Yandex N.V. (Russian: Яндекс) is a multinational corporation primarily for Russian and Russian-language users,[4] providing 70 Internet-related products and services, including transportation, search and information services, e-commerce, navigation, mobile applications, and online advertising.[5][2][clarification needed]

Yandex N.V.
Native name
Яндекс
TypeNaamloze vennootschap
NasdaqYNDX, MCXYNDX
IndustryInternet
Search engine
Founded23 September 1997; 24 years ago (23 September 1997) (Yandex search launched by CompTek)
2000 in Cyprus (Yandex incorporated)
2007 (reincorporation in the Netherlands)
FounderArkady Volozh
Arkady Borkovsky
Ilya Segalovich
Headquarters16 Lva Tolstogo Street, Moscow, Russia, 119021
(Domiciled in Schiphol Boulevard 165, Schiphol, the Netherlands)
Area served
Russia, Kazakhstan, Belarus, Uzbekistan, Azerbaijan, Georgia, Armenia, Israel, Turkey and Estonia
Ukraine (until 2017)
Key people
Arkady Volozh (was CEO but resigned after the EU sanctioned him for "materially or financially" supporting Russia's military invasion of Ukraine)
Tigran Khudaverdyan (deputy CEO)
ProductsList of Yandex products and services
Revenue$Lua error: Module:Format_price:43: Format price error: cannot parse value " <strong class="error">Unknown country code for year 2021: Russia </strong>

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  • The 2.44 exchange rate listed by the World Bank for Belarus, seems to have been divided by 10,000. It has been changed here by the relation: 1 USD = 24400 Belarusian rubles.
  • The 1.0 exchange rate listed by the World Bank for Cuba, seems to be that of the US dollar (the "Cuban convertible Peso"), rather than that of the Cuban Peso - which was pegged to the US dollar at US$1 = 24 Cuban Peso on 1.1.2021. For details, see: Cuban Peso. This rate is used also here.
  • The 1.0 exchange rate listed by the World Bank for Liberia, seems to be that of the US dollar, rather than that of the Liberian Dollar, whose exchange rate used here is that indicated by the CIA - as the latest rate as of 2017 - at US$1 = 109.4 Liberian Dollar.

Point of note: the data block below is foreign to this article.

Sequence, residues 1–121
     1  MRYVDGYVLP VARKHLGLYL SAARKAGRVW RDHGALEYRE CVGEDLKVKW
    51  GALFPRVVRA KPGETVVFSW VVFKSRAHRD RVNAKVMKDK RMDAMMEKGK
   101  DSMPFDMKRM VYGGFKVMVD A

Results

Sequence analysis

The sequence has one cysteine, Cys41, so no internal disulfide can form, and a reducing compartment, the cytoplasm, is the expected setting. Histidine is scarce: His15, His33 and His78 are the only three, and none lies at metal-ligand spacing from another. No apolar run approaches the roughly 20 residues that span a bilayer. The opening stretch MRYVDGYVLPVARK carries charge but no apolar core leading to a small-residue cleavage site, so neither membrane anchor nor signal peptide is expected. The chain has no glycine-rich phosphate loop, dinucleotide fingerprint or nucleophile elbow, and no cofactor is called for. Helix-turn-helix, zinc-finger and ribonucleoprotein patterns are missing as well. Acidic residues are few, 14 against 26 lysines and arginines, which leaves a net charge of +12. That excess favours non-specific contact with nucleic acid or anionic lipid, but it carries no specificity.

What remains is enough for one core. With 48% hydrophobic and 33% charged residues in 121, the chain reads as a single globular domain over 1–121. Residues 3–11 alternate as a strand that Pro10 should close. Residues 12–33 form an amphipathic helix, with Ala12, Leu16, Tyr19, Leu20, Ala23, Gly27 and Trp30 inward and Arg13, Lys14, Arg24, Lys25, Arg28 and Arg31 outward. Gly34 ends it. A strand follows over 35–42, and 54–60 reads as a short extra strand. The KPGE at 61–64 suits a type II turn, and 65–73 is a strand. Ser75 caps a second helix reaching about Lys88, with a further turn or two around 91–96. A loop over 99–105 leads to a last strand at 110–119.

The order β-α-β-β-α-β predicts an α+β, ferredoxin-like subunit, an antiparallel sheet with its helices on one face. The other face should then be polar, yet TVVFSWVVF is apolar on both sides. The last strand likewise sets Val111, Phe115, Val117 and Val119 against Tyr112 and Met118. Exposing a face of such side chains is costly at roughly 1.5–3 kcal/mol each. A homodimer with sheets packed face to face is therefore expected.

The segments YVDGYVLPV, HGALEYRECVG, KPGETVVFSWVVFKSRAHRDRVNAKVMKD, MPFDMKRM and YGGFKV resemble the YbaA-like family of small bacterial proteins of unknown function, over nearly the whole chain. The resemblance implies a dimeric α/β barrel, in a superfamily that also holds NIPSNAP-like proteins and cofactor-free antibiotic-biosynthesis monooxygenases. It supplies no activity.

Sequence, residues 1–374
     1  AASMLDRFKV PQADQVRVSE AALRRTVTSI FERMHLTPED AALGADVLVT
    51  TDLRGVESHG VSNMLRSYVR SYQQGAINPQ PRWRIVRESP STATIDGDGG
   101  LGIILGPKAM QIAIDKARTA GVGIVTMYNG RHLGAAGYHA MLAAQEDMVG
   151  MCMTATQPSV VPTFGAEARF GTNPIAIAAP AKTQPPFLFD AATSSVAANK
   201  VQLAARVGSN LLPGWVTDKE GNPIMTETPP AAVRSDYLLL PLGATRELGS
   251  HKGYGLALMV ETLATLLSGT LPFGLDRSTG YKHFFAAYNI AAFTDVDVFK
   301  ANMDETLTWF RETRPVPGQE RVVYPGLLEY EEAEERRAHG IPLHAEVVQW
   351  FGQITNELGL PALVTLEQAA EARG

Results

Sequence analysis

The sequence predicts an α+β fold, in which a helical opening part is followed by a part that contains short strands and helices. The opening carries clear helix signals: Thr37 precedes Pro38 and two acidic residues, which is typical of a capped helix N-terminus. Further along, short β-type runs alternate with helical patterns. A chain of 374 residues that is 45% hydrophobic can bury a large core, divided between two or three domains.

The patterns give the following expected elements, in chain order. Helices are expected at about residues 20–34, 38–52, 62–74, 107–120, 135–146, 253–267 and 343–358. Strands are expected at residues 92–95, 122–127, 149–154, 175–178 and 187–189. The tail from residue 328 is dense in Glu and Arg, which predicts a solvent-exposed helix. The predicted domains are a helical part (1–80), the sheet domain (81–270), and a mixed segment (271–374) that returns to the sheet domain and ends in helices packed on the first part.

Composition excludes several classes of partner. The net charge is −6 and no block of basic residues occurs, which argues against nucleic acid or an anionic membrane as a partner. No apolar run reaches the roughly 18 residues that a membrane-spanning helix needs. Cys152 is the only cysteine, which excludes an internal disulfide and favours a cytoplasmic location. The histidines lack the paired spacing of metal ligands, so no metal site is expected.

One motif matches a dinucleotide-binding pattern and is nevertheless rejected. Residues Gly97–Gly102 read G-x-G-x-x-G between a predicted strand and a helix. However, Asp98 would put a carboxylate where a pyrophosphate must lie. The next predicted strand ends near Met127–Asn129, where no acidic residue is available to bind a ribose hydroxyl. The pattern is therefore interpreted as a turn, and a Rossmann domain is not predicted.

• Venezuela's data in the World Bank website (as of 2014) are too old. The more updated estimation, as of 2017, is obtained from the website Yearly Average Currency Exchange Rates, and used here.
  • French Polynesia's data in the World Bank website (as of 2014) are too old. The more updated estimation, as of 2017, is obtained from the website Yearly Average Currency Exchange Rates, and used here.
  • Taiwan's data are not available in the World Bank website. They are obtained from the website Yearly Average Currency Exchange Rates, and used here. ".[1] (2021)
$Lua error: Module:Format_price:43: Format price error: cannot parse value " <strong class="error">Unknown country code for year 2021: Russia </strong>

'"`UNIQ--h-1--QINU`"'Notes

  • The 2.44 exchange rate listed by the World Bank for Belarus, seems to have been divided by 10,000. It has been changed here by the relation: 1 USD = 24400 Belarusian rubles.
  • The 1.0 exchange rate listed by the World Bank for Cuba, seems to be that of the US dollar (the "Cuban convertible Peso"), rather than that of the Cuban Peso - which was pegged to the US dollar at US$1 = 24 Cuban Peso on 1.1.2021. For details, see: Cuban Peso. This rate is used also here.
  • The 1.0 exchange rate listed by the World Bank for Liberia, seems to be that of the US dollar, rather than that of the Liberian Dollar, whose exchange rate used here is that indicated by the CIA - as the latest rate as of 2017 - at US$1 = 109.4 Liberian Dollar.
  • Venezuela's data in the World Bank website (as of 2014) are too old. The more updated estimation, as of 2017, is obtained from the website Yearly Average Currency Exchange Rates, and used here.
  • French Polynesia's data in the World Bank website (as of 2014) are too old. The more updated estimation, as of 2017, is obtained from the website Yearly Average Currency Exchange Rates, and used here.
  • Taiwan's data are not available in the World Bank website. They are obtained from the website Yearly Average Currency Exchange Rates, and used here. ".[1] (2021)
-$Lua error: Module:Format_price:43: Format price error: cannot parse value " <strong class="error">Unknown country code for year 2021: Russia </strong>

'"`UNIQ--h-2--QINU`"'Notes

  • The 2.44 exchange rate listed by the World Bank for Belarus, seems to have been divided by 10,000. It has been changed here by the relation: 1 USD = 24400 Belarusian rubles.
  • The 1.0 exchange rate listed by the World Bank for Cuba, seems to be that of the US dollar (the "Cuban convertible Peso"), rather than that of the Cuban Peso - which was pegged to the US dollar at US$1 = 24 Cuban Peso on 1.1.2021. For details, see: Cuban Peso. This rate is used also here.